If you look up the definition of privilege you will a definition along the lines of:
privilege /ˈprɪvɪlɪdʒ/ noun noun: privilege; plural noun: privileges 1. a special right, advantage, or immunity granted or available only to a particular person or group.
I don’t know what comes to mind for you all when you think of the word ‘privilege’ but to me it always meant having something more than basic living necessities, more than basic rights. Fundamental human rights on the other hand to me are inalienable rights that all humans deserve to have on the principle of humanity. I looked up the definition of basic human rights and google took me to a legal dictionary that defined it as:
Human rights are freedoms established by custom or international agreement that impose standards of conduct on all nations. Human rights are distinct from civil liberties, which are freedoms established by the law of a particular state and applied by that state in its own jurisdiction.
Specific human rights include the right to personal liberty and Due Process of Law; to freedom of thought, expression, religion, organization, and movement; to freedom from discrimination on the basis of race, religion, age, language, and sex; to basic education; to employment; and to property. Human rights laws have been defined by international conventions, by treaties, and by organizations, particularly the United Nations. These laws prohibit practices such as torture, Slavery, summary execution without trial, and Arbitrary detention or exile.
In that whole definition, not once did I see the mention of food, water or air. Now I’m not denying that the rights mentioned are immensely important and every person deserves those opportunities, but how can people even begin to use those rights if they cannot first take care of themselves? How can we expect a person dying of starvation to fight for property, something he cannot even dream about let alone own. How can we expect a girl who has to walk 30km away from her home to get water for her family, to also attend school? It just doesn’t make sense to me that governments are trying to enforce all these different schemes for employment and education and ignoring the most fundamental issue of being able to survive.
I never thought I’d see the day when having clean air would turn into a privilege!
As soon as I got off the train on the Varanasi platform all I saw around me was a magnitude of pollution. I know I’ve already described to everyone the trash that I saw in Delhi, but even that didn’t prepare me for what I was about to see here! If you thought that was the worst it was going to get, you just like me, were sorely mistaken! Let me see if I can do justice to what I saw upon entering Varanasi.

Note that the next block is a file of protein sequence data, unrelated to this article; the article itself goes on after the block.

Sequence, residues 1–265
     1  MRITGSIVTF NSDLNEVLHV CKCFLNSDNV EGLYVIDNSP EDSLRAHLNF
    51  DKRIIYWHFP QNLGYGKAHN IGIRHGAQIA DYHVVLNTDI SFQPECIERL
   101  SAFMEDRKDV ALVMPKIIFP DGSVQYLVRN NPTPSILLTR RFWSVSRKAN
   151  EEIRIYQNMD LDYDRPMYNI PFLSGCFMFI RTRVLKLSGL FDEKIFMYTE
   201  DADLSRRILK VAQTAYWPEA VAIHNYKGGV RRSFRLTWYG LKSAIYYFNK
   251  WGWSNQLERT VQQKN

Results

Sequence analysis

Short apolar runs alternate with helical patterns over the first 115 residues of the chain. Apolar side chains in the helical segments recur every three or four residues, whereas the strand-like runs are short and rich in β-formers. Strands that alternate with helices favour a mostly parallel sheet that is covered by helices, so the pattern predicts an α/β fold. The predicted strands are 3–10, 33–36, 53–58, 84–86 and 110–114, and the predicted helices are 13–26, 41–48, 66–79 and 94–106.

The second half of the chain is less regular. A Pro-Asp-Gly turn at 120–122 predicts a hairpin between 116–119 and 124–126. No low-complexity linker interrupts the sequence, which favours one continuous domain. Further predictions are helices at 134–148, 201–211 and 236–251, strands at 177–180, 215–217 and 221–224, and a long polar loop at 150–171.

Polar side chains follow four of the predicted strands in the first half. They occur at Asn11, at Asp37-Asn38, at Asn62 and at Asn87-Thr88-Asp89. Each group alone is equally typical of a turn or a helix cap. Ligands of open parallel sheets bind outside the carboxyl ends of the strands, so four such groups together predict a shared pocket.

The platform itself is covered in trash and of course animal feces. I mean I guess I shouldn’t really be overly surprised but it was the first time seeing it on the train platform whereas it was usually outside on the roads. Not here though. Outside the train station the roads were covered and I mean covered in cockroach shells!!! There was not one spot that was bare of cockroaches. To say that it was an infestation would be an understatement!
We had reached around 7:30am so the greyer skies didn’t mean anything to me at the time. After driving into the city did I realize that it wasn’t that the sun was hidden behind clouds or hadn’t fully risen, it was instead the fogginess that all the pollution causes that deters the sun from shining through. The first time I went into the city I could hardly breathe! I have never had use for my chunni (scarf traditionally worn around your neck) other than it matching my outfit, but here it was the only protection I had from everything. At first I thought that the pollution was just caused by the overload of cars, autos, motorcyles, traffic in general, but boy was I off base. Varanasi, if you don’t already know is the “holy place” of Hindus, which means that devout Hindus around the world attempt the voyage to visit the sacred river; the Ganges. This river is so sacred that many believe that the water can cure you of any ailments. So because of that belief people use the river for everything! The river is used to bathe, wash clothes, use as a toilet, swim, release the bodies of the dead and of course used as drinking water. By telling you all this I just want you to have a basic understanding of what the conditions here are like.